The desert is anything but good.  Or so it appears to be.

Lent, like life on earth, is a journey.  Or so it appears to be.

Lent has turned out to be a lot more like Scripture than a journey for me.  It's a practice.  A discipline.  Let's face it, a chore.  Kind of like creative writing.  It glistens in the storefront window, but requires ongoing maintenance once at home.

But the more I've glimpsed God through the eyes of Lent, the more I've realized how much more there is to see.  And I want to see more.

Lent is a beginning.

Easter is a beginning.

Heck, each day is a beginning.

That's the joy of life in Christ.  No matter how many times I fall, there is always a new beginning, a second chance.  I don't have to be imprisoned by the fear of failure or humiliation, since my life is not about me.

And as devastating, frustrating, painful, horrific and unbearable life is or becomes (and it will), this discipline of seeing the familiar in unfamiliar ways will offer others, if not myself, hope for a new beginning.  If not today, maybe tomorrow.  (Or maybe the third day.)

My hope is that Lent has not been what it appeared to be for you.  My hope is that it has changed you a little each day.

It has for me.

Good Friday

Good Friday. "The cross of horror became the cross of hope." This paradox of Good Friday is something that will probably always be troubling for me. "Why" people are so cruel and ignorant that they/we crucify people who are good and glorify people who are not, especally as this occurred in the life of Jesus, makes no sense. I understand that this was to happen to fulfill the prophesies of the Scriptures and lead to Christianity, but how it still occurs today among believers and non-believers alike is quite disturbing. At least on this occasion, Good Friday, despite human ignorance, something miraculous happened.

Tuesday, April 7, 2009

An Appointment With A Donkey

Sunday’s meditation by Henri Nouwen was titled “Christ on a Donkey.” I can easily picture Jesus in my mind riding on a donkey into Jerusalem because of recently seeing a lot of donkeys at work.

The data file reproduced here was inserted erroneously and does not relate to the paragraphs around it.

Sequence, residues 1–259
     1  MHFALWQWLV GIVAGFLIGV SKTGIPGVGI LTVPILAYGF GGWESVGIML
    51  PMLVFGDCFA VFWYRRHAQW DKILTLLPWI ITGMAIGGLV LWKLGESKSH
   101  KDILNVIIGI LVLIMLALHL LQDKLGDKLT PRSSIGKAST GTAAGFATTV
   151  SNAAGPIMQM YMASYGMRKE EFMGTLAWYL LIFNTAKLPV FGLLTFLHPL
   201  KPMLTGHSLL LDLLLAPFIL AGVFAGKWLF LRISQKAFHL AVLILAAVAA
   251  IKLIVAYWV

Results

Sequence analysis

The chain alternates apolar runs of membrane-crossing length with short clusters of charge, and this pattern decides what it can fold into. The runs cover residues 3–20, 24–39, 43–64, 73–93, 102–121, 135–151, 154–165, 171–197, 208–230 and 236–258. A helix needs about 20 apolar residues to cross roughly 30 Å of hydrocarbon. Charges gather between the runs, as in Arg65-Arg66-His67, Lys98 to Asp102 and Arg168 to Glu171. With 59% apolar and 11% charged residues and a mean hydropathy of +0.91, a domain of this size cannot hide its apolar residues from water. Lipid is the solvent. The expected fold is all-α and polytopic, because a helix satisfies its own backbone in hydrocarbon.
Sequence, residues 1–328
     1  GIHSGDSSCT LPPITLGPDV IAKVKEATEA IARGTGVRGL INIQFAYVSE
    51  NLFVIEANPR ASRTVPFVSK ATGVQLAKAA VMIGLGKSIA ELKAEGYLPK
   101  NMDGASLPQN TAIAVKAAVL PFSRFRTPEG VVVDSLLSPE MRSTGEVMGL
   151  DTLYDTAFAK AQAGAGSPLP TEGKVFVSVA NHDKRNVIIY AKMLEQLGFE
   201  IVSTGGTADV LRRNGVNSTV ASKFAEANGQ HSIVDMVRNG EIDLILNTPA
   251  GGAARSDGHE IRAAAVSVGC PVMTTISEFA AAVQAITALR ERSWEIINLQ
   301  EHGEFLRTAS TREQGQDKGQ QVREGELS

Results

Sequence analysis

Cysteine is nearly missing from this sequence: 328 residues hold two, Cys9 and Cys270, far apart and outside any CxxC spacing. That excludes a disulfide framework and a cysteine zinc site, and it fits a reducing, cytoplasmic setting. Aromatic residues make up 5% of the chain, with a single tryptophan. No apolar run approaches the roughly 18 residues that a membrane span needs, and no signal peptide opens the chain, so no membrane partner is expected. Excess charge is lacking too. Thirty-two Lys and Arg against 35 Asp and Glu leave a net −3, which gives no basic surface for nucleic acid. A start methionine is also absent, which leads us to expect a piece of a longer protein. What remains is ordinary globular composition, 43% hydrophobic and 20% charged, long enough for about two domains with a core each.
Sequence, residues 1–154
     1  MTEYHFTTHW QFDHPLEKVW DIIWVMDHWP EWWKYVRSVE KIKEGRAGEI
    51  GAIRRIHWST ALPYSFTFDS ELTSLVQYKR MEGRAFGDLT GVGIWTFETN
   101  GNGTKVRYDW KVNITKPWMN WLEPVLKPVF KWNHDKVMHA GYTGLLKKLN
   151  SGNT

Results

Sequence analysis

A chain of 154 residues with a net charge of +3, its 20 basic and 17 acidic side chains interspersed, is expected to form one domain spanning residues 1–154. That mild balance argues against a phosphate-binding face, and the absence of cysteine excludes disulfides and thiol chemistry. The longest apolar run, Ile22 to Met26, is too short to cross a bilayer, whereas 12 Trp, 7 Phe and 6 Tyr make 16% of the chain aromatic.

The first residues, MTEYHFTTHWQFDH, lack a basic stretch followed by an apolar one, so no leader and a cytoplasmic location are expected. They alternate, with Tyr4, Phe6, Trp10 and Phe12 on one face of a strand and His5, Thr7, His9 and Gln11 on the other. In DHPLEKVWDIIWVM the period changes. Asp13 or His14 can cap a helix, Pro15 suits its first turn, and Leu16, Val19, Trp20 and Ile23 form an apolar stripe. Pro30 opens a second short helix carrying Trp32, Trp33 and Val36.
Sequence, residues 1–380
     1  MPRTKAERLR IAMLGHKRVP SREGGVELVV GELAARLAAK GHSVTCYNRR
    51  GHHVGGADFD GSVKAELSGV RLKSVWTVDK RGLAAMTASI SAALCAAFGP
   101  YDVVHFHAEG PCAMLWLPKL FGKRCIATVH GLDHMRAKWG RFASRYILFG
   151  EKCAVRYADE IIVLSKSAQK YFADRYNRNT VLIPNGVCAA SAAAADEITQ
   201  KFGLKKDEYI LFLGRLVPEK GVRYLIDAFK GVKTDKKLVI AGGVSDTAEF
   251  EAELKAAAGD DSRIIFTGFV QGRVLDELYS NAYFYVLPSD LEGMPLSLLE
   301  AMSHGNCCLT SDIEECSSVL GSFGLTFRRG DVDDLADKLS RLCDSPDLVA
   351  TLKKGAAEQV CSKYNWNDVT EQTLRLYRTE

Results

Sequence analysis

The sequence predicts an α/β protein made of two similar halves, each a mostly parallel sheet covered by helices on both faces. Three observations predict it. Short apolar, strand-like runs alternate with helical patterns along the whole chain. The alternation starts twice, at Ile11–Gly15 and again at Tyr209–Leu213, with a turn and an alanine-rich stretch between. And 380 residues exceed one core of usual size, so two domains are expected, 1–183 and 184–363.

Last October, my wife and I visited Egypt and Jordan for several weeks. There we saw many people riding donkeys or donkeys pulling small carts in the countryside and even in Cairo itself. The donkeys were very small and always looked over-burdened with the people and loads they were carrying. They looked gentle and willing to serve as required without protest.

Jesus, as he approached the cross, had an appointment with a donkey. As prophesied in the Old Testament (Zech. 9:9), the Messiah as King was to ride into Jerusalem on a donkey. The Messiah was also prophesied in Isaiah to come as a suffering servant. Furthermore many theologians believe the day that Jesus rode into Jerusalem as King was exactly prophesied by Daniel (69 weeks of years) when counted from the commandment to rebuild the temple in Nehemiah’s time.

Because they were aware of the Old Testament prophesies, the Jewish people of Jesus’ day expected the Messiah to come during their lifetimes. Somehow they forgot the Messiah was to come on a donkey, be a servant to the people, and reign as King in their hearts.

As I think about Jesus riding into Jerusalem on a donkey and the expectations of the Jewish people, I wonder what my expectation is of the King. I also wonder when Jesus has an appointment with me if I, like the donkey, am willing to accept my burdens with gentleness, serve without protest, and come when the Master says “I have need of thee.”

A mystery